When Ramona Ripston became executive director of the American Civil Liberties of Southern California in 1972, the Los Angeles Police Department was behaving
as if it was above the law and Latinos had no chance of winning a seat on the Los Angeles County Board of Supervisors. These injustices—and many more—were challenged and overcome in court by Ripston and the excellent legal team she assembled, earning a distinguished place in L.A. history.
Ripston has announced her retirement effective next February. I have dealt with her for many years. I found her to be a disarming mixture of toughness and charm, fierce in battle and politically sophisticated. Those are the minimal requirements for a civil libertarian in Southern California. The head of the ACLU must fight for the poor and oppressed in an uncompromising manner and be charming enough to persuade the rich to support these efforts, capable of taking money from Brentwood to help Pico Union. Good luck to the ACLU board in finding a replacement!
Many of the cases filed under Ripston were rooted in Los Angeles’ long history of racism and police lawlessness.
One, in 1988, reversed long-standing racism in politics by forcing the Los Angeles County Board of Supervisors to redraw gerrymandered district lines which had systematically stymied the growth of Latino voting power. ACLU lawyers clearly demonstrated how the supervisors had moved the boundaries of a district westward from Latino East Los Angeles, extending them as far west as Beverly Hills to assure white preponderance. Other parts of the Latino population were divided with another district, splitting the Latino vote. As a result of the lawsuit, new boundaries for the 1st district were drawn, and Gloria Molina was elected supervisor.
Another ACLU case, in 1984, closed down the infamous Los Angeles Police Department’s public disorder intelligence division, which had a long history of spying on political liberals and ethnic minority community activists. The PDID dated back to the department’s “Red Squad,” which cracked down on liberal activists and labor unions through much of the 20th Century.
The Southern California ACLU also fought a lengthy lawsuit against the Los Angeles Unified School District board forcing desegregation of long-segregated Los Angeles schools. That fight raged for years in the courtroom as well as in the schools and meetings of angry and anguished parents. The board finally submitted a desegregation plan which was eventually approved by the court in 1981. White flight and Los Angeles’ changing demographics weakened the impact. But important legacies of the desegregation fight remain, such as integrated magnet schools.
Finally, Ripston and the ACLU lawyers were most helpful to reporters. They loaded them down with documents instead of propaganda. The ACLU crew figured the facts of the case would prove them right. And they usually did.
Mayor Antonio Villaraigosa’s affordable housing plan--a centerpiece of his administration—has been dealt near fatal blows by a court decision, the recession—and by his own planning director.
This is bad news for the mayor, who has just hired a new jobs czar. Creating construction jobs, including building apartment houses with affordable housing for working people, is crucial to Los Angeles’ recovery. And without such units, Los Angeles will continue to become a city of rich and poor, with little room for the working class or even the less affluent members of the middle class.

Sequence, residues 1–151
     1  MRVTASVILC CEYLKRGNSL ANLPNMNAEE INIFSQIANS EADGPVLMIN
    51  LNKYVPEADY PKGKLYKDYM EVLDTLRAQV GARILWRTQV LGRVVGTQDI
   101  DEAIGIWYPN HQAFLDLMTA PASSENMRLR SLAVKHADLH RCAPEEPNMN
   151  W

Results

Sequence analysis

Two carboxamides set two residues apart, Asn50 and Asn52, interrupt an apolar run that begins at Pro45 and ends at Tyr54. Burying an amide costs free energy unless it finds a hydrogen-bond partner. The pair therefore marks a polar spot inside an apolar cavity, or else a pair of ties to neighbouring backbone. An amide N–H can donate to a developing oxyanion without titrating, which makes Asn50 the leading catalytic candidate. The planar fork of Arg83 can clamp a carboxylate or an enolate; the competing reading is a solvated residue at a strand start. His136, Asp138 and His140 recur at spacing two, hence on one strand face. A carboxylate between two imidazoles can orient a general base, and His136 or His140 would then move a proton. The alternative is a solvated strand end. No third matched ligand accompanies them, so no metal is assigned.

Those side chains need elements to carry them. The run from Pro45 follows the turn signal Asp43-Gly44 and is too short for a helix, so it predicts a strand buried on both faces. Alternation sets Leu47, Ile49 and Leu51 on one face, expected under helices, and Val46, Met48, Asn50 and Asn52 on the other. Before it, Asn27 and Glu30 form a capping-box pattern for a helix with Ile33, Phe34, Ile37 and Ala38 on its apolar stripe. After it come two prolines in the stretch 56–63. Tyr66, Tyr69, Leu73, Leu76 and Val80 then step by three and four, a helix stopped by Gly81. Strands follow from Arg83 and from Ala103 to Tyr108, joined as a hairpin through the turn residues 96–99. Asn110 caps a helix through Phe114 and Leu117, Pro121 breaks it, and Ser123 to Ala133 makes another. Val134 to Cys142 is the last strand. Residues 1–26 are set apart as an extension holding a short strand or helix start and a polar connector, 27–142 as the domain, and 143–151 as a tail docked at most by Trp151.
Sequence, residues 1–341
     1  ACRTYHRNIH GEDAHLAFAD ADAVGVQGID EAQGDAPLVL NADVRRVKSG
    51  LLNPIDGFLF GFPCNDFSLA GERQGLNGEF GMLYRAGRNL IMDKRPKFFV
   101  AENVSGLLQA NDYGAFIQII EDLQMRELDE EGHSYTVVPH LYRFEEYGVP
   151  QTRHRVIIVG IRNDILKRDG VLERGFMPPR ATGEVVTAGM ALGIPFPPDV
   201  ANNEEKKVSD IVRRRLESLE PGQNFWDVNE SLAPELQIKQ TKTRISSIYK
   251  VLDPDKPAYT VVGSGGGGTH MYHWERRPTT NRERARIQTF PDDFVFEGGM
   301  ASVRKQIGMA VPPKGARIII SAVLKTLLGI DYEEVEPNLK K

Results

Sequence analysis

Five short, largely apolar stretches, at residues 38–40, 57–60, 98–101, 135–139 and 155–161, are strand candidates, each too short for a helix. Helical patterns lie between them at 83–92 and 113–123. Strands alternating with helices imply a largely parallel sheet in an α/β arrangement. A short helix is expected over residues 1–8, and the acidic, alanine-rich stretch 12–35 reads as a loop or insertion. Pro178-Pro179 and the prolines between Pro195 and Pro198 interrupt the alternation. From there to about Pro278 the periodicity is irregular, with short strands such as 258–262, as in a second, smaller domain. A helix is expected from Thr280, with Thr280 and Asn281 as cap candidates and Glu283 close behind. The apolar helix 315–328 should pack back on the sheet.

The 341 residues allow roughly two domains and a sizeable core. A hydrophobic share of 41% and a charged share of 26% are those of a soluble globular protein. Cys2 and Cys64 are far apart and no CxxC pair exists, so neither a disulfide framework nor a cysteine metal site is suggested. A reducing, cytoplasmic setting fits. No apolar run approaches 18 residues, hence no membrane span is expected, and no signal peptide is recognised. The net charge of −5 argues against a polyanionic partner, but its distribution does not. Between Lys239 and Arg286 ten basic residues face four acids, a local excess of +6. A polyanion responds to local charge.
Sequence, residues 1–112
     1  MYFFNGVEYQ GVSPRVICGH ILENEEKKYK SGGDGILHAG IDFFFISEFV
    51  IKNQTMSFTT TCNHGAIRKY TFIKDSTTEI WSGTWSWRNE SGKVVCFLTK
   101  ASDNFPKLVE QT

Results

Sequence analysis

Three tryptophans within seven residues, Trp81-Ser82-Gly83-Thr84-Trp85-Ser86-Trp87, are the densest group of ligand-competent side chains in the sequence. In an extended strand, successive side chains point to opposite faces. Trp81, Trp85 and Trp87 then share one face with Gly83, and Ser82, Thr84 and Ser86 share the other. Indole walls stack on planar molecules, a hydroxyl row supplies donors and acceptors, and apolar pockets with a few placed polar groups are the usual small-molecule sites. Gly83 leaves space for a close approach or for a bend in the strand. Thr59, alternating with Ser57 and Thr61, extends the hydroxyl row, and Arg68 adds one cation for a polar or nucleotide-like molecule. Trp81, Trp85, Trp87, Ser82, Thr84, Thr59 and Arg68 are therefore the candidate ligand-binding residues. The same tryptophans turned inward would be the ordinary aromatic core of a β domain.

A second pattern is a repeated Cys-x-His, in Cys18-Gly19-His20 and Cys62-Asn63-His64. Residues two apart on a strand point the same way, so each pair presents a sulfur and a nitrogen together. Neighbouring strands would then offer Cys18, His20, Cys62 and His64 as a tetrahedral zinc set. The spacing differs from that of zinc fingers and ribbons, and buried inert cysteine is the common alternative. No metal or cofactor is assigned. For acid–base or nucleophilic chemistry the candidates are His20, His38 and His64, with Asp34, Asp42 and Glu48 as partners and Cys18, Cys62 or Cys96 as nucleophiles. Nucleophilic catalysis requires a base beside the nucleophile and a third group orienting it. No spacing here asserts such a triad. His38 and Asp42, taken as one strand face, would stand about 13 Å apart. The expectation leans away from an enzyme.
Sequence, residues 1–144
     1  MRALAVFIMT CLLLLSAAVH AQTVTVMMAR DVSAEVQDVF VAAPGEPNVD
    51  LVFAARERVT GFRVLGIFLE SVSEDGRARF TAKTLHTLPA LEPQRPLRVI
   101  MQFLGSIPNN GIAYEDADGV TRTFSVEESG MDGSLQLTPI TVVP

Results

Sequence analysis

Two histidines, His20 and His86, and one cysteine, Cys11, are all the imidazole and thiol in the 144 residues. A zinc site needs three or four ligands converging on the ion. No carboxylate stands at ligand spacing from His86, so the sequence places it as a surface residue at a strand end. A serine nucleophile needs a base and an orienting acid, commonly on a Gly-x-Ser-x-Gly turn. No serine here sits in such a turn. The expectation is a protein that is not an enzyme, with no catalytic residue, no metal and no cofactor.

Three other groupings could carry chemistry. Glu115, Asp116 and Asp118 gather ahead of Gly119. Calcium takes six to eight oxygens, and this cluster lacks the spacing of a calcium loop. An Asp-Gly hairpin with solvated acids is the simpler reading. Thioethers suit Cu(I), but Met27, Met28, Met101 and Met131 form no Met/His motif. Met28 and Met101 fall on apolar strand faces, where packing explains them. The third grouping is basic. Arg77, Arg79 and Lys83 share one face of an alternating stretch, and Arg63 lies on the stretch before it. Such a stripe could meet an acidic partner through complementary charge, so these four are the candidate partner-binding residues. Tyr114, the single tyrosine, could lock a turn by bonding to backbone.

The court decision was handed down by a state appellate court. It wiped out a planned city requirement that Los Angeles developer Geoffrey Palmer set aside a portion of his new apartments for housing units affordable by working class tenants.
Such a requirement, to extend through the entire city, was a major part of Villaraigosa’s housing proposal. The Palmer decision nullifies the plan. Affordable housing advocates tell me that more than 28,000 affordable units could have been built over a decade if Los Angeles had forced developers to set aside 15 percent of the units in a new building for affordable housing.
Another blow serious blow to the mayor’s plan was delivered by the recession. With money scarce, hardly anybody is building apartments, either for the poor, the middle class or the rich.
Finally, Villaraigosa got a real stab in the back this week from his planning director, S. Gail Goldberg. She reported to a City Council committee on how the Planning Department would deal with the Palmer decision. Her answer: It can’t. She said, “Economic conditions over the past several years have caused the Mayor and City Council to take unprecedented actions to dramatically reduce the city's payroll. The Department of City Planning has been particularly hard hit,” Goldberg wrote. In other words, she’s too busy to work on a centerpiece of Villaraigosa’s program.
This is a classic bureaucratic blockade. “Gail’s memo is disingenuous and is a formula for inaction,” said Professor Peter Dreier of Occidental College, a housing expert who arranged for the construction of many affordable apartment units while he was a Boston city official.
It will be tough to overcome the Palmer decision, requiring action by the builder-developer dominated state legislature and the City Council. But Villaraigosa’s planning director doesn’t even want to try. Whose side is she on, developers or working class tenants?
Villaraigosa should answer the same question. If he is serious about affordable housing, he ought to tell Goldberg to get with his program instead of obstructing it.